Most of the times, Davies intentionally violates maxims of quantity, quality and relevance to ignore answering Aston’s or Mick’s question when they ask about Davies’ country of origin. He tries to be unknown by others throughout the play. It is through conversational implicatures arising from Davies’ speech that his feelings too are manifested. His fear of Mick, Aston’s younger brother, emerges clearly and his own inferior position is reinforced. For example:
Mick: what’s your name?
Davies: I don’t know you. I don’t know who you are.
(The Caretaker: 20)
Davies flouts the maxim of relevance in answering to Mick’s question and this indicates his unwillingness to reveal his identity to a stranger. His wariness shows his recognition of Mick as a potentially powerful adversary as well as his profound mistrust of others and his desire of self-concealment.
The rising hostility that Davies feels towards Aston and his attempts to dominate him are revealed in his flouting of the quality and relevance maxims illustrated in the following utterance. This is given in response to Aston’s complains about noises Davies makes in his sleep:
Davies: what do you want me to do, stop breathing?
(The Caretaker: 64)
By flouting the quality maxim he says something that is obviously not Aston’s intent. By way of relevance, Davies can be seen that Aston’s requests are extremely unreasonable and not to be complied with.
The attitudes towards the co-operative principles and conversational implicatures that arise are very revealing about the relationship between Mick and Davies. The predatory, territorial instincts of Davies are recognized by Mick. His rejection of Davies and his right to the room is revealed in the following exchange which follows Mick telling Davies that he will share the penthouse with his brother:
Davies: what about me?
Mick: All this junk here, it’s no good to anyone.
(The Caretaker: 59)
The implicature generated is that Davies is excluded from the penthouse. Mick flouts the relevance maxim to distract Davies. He ignores to answer Davies’ question appropriately and this means that Mick indirectly shows his awareness of Davies’ territorial instincts. Davies’s interior motives are sharply perceived by Mick, as is revealed by his flouting the quality maxim in the utterance that follows. He says, with regard to Davies’ working abilities:
Mick: Christ! I must have been under a false impression.
(The Caretaker: 70)
By flouting the quality maxim, we infer that Mick has an ironic intent, his irony conveying and reemphasizing his profound understanding of Davies’s interior motives and his objections to them.
The dramatic significance of the pragmatic inferences arising from the characters’ observation and flouting of conversational maxims is seen in the insights thus gained into their personalities and relationships.
The language is seen to be functioning beyond its semantic form in the pragmatic inferences arising from the conversational implicatures examined. The dramatic significance of these inferences is evident in the insights provided into the characters’ psychological mechanisms. Their motives, fears, strengths and weaknesses are revealed through their treatment of the co-operative principle and manipulation of the other linguistic devices examined. Through this analysis of the linguistic devices and exchanges of The Caretaker, we witness Pinter’s creation of a new dynamic of language. Pinter shows the interrupted minds of people and the threat which cast a shadow on peoples’ life. Every time they try to communicate, the threat interferes so communication breakdowns and they stop more communication to stop more menace.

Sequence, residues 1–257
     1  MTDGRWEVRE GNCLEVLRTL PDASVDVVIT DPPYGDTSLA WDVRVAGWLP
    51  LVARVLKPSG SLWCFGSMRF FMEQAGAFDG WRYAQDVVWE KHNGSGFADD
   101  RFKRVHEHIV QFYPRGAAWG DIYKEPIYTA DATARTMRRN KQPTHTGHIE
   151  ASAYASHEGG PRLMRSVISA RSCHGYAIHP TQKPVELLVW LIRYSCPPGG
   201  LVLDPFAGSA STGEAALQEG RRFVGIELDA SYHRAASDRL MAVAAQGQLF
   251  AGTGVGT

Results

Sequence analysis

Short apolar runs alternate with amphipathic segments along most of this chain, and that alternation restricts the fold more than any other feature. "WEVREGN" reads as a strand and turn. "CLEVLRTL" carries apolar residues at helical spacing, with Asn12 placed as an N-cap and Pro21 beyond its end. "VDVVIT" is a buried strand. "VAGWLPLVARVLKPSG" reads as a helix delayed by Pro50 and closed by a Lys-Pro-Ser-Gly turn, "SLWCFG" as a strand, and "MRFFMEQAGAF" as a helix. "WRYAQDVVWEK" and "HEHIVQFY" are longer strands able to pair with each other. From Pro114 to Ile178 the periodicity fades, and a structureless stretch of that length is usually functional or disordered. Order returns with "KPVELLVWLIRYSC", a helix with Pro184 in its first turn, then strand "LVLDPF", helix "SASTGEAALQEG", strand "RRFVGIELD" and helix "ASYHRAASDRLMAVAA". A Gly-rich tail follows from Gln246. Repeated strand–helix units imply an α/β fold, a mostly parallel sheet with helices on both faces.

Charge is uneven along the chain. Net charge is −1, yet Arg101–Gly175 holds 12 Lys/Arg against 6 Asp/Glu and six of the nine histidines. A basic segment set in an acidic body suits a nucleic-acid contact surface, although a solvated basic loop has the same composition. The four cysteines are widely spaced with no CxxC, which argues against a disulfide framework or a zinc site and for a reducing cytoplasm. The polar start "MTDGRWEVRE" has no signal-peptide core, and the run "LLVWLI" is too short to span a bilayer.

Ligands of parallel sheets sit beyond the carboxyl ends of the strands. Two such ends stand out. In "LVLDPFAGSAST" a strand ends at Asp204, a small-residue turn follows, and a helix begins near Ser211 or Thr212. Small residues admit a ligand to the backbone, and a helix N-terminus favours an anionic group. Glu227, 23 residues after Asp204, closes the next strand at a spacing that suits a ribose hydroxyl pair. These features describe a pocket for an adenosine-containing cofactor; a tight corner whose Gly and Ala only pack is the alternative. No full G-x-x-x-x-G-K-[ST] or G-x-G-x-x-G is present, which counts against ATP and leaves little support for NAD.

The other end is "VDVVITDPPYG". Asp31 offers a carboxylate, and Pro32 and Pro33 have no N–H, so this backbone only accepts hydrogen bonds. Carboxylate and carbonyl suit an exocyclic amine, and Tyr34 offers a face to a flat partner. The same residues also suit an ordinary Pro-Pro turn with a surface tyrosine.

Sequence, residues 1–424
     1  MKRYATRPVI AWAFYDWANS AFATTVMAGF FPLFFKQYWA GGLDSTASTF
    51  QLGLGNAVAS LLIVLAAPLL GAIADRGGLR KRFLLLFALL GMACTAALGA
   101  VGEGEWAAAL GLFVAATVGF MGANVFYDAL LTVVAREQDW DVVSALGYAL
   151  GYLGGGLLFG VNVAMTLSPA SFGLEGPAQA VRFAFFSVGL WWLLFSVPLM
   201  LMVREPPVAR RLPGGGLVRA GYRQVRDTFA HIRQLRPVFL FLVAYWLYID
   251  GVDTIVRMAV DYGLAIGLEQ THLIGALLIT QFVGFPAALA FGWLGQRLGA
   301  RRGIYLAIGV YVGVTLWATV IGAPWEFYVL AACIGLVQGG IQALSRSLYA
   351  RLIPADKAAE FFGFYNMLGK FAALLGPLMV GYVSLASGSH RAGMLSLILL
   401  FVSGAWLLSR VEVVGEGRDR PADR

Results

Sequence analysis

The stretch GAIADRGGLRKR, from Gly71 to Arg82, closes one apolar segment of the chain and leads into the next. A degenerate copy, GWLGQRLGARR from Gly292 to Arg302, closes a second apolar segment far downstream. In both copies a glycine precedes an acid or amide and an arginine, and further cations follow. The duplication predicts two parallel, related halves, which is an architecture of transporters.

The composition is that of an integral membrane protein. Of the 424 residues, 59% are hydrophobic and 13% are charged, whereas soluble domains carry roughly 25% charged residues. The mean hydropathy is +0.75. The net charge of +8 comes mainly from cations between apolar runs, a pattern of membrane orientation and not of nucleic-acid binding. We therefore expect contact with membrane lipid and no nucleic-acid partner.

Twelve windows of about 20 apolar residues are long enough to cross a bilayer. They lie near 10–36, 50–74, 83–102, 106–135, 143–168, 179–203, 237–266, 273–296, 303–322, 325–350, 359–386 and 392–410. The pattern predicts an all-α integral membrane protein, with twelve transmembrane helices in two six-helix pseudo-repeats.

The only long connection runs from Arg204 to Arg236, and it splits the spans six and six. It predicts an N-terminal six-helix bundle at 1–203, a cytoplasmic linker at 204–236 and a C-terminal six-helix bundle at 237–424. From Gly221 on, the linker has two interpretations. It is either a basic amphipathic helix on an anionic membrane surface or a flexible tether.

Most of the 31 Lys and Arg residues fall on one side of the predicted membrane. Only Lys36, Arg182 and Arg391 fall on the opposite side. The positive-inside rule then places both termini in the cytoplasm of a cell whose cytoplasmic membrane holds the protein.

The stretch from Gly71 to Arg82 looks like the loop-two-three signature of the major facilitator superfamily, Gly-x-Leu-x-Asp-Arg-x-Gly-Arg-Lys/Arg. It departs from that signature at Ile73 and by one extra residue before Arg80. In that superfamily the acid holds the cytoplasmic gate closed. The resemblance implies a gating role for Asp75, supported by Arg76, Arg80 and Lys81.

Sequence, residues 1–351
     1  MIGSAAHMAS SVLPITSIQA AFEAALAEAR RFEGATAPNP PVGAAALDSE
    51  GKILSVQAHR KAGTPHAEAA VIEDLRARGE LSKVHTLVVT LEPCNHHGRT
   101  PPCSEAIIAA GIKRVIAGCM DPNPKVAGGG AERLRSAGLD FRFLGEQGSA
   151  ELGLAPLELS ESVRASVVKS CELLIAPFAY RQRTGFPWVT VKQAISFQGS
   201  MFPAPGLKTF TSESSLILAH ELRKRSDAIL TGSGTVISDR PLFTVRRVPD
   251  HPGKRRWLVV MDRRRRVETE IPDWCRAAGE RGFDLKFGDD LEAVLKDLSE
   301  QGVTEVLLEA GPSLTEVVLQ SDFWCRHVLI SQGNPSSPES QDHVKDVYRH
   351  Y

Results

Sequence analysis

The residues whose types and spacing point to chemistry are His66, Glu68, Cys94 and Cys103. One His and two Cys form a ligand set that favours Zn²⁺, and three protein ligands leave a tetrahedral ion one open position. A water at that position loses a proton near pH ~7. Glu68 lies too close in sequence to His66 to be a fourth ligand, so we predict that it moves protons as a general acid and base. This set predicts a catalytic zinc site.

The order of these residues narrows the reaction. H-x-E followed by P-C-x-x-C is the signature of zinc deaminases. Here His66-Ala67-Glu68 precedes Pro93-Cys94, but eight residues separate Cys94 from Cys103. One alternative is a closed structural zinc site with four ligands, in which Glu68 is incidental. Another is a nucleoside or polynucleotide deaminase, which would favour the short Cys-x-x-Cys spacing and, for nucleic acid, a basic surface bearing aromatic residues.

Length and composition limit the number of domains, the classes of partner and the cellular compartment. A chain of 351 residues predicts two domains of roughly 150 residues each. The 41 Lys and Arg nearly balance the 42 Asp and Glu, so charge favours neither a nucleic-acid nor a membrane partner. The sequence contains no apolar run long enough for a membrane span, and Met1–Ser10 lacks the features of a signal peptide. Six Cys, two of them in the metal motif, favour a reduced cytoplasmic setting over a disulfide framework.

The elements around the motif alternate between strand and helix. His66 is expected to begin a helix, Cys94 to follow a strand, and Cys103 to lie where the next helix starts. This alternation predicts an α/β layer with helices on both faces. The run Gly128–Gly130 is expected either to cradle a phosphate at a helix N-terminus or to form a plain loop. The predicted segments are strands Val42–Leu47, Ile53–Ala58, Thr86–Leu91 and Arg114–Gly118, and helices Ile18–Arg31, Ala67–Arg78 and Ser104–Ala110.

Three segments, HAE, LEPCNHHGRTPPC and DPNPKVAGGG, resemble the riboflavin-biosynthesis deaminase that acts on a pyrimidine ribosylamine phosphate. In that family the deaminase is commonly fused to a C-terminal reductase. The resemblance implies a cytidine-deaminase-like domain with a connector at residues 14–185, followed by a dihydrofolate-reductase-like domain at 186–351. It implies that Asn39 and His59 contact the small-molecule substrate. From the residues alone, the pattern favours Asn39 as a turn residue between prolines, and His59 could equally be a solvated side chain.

The threat is the basic reason of each character’s behavior. They all are scared from unknown threat that it might be the outcome of the consequences of two world wars. The years following two world wars were the years of fuel crisis, food shortages and housing shortages. People were not only suffered by mental pressures between two world wars but the threat of incoming next war. In this condition, people lost the real meaning of life. They are searching for their lost identity but every time they try it is failed. They never have true communication.
Aston never flouts or violates the maxim of quality, it means that he never mocks others or tells lies. He is the most generous character of the play who tries for communication so much. On the other hand, Mick treats Davies so harsh. He looks down on Davies and because of this he mostly flouts the maxim of quality. Under the surface of his aggressive behavior, Mick likes to communicates with others but threat reveals itself all the time and by flouting the quality maxim he exercises his power on Davies. Davies is tramp whose mind is completely occupied with threat. Because of his inner threat, he never trusts others, and never communicate with others. Mostly he tells lies in order to hide himself behind the mask of language. This is how the analysis of characters’ inner intention and threat is possible through analysis of characters’ dialogues in the Grice’s framework of conversational implicature.
Grice, H. P. (1975). ‘Logic and Conversation’. In Cole, P. & Morgant, J.
Syntax and Semantics, volume 3. new York: Academic Press.
Grice, H. P. (1981). ‘Presupposition and Conversational implicature’. In
Cole. P. Radical Pragmatics. New York: Academic Press.
Herman, V. (1905). Dramatic Discourse: Dialogue as Interpretation in Plays.
New York: Routlege.
Miller, A. (1998). Philosophy of language. London: UCL Press.
Eslin, M. (1970). The Peopled Wound: The Plays of Harold Pinter. London: